One level below where the cotton was nitrated, the fumes must have been powerful. This floor had several massive ventilation fans in its walls.
From the loftily perspective of the crane cab, I thought about how nice it would have been to have been here when there was equipment to share the space. This begs the question, who took out the equipment?
Note the really old carvings in the mineral-stained sandstone on the walls and ceiling. This little cave was walled-off on one end, making me wonder what the area was for. Lighting is a set of three candles and two LED flashlights and a cigarette.
Harris Machinery rests under snow on the left. Two explorers enjoy the view.
The working end of the blast furnace, where molten metal would flow like lava out of the furnace… a process called ‘tapping’.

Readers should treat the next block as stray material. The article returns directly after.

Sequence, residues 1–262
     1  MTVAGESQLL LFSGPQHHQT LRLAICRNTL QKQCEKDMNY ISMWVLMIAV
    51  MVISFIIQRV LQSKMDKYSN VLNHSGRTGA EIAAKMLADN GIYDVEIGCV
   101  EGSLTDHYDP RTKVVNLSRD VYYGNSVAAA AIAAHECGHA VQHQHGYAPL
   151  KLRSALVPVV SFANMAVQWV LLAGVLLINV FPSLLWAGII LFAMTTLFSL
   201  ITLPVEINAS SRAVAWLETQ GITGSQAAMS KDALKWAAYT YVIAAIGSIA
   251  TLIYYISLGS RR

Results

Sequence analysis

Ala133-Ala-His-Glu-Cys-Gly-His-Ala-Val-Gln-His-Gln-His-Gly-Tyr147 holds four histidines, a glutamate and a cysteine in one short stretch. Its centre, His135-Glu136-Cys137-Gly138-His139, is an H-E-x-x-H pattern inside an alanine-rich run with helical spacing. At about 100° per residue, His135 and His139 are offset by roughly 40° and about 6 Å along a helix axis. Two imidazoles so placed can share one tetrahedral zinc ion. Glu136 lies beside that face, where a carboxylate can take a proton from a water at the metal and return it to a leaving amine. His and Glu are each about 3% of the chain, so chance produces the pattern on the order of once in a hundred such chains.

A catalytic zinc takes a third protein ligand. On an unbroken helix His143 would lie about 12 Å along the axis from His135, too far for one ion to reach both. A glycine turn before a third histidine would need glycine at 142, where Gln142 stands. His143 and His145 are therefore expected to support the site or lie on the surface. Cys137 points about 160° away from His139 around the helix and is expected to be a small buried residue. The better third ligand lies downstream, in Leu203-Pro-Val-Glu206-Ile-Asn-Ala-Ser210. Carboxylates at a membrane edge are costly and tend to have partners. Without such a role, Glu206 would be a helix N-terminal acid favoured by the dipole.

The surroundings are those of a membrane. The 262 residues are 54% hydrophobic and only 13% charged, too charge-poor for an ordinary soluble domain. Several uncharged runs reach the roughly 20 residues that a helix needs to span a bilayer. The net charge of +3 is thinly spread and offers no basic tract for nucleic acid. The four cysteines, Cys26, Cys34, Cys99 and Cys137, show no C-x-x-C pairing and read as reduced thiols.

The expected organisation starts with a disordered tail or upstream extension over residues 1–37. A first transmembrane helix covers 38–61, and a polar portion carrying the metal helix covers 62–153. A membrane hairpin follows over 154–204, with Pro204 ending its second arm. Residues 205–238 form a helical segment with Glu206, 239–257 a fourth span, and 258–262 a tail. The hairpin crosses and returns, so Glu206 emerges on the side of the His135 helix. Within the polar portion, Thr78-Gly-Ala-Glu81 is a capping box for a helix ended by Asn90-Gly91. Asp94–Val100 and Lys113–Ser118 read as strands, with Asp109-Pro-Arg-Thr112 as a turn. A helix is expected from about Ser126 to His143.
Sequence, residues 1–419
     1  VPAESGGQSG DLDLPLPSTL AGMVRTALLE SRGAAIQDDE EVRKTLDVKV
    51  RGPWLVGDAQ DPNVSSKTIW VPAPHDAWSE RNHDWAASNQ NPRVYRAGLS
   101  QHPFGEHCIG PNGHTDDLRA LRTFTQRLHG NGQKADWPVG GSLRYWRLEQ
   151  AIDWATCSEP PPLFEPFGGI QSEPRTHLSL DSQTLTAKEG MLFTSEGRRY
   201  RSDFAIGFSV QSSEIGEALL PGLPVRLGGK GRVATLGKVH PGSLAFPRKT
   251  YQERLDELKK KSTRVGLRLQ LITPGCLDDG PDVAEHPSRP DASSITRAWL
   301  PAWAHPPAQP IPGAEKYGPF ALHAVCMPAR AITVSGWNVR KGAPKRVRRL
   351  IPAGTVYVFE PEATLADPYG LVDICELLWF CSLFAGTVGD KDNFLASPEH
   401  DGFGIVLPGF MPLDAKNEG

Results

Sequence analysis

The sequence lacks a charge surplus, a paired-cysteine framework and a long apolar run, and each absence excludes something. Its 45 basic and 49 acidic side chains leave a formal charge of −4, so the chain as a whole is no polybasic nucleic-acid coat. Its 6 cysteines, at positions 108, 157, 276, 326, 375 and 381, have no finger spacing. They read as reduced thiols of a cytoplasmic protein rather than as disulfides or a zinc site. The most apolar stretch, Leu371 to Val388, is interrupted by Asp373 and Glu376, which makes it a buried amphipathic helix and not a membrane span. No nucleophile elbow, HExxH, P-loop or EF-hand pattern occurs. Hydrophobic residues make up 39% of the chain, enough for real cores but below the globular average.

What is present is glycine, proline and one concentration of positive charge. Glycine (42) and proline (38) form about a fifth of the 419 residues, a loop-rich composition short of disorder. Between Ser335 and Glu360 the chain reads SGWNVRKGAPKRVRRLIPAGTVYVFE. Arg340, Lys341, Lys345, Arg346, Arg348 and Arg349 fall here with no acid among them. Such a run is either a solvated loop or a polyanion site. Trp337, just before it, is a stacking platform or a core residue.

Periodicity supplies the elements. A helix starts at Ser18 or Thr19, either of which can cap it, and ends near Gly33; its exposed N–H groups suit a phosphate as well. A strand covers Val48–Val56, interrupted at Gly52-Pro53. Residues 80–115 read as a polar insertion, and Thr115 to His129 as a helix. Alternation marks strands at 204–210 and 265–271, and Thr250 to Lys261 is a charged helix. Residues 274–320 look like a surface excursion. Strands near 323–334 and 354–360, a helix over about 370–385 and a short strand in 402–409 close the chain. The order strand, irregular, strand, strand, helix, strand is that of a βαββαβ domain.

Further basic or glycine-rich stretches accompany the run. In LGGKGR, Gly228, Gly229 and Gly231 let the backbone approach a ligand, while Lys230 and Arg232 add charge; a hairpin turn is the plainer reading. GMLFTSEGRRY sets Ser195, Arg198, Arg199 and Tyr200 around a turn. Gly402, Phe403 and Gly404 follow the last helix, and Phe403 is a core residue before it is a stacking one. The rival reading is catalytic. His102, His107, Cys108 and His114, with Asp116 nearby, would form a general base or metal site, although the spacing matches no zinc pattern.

This tunnel goes to the adit over the Eagle River Mills. I bet those carts go fast down here!
300 tea lights illuminate what Greg Brick calls the Rotunda, under the brew house proper, which was part of Christopher Stahlmann’s natural cave.
A colorful boiler is a happy boiler! RotoGrate systems remove ashes from the boiler firebox by revolving the bottom of the system to let the fly ash drop into a hopper. This greatly increases boiler efficiency.
Brewery Creek Waterfall, somewhere above Duluth. Lit with candles and a small LED panel. To me, it looked like a pipe pouring molten metal.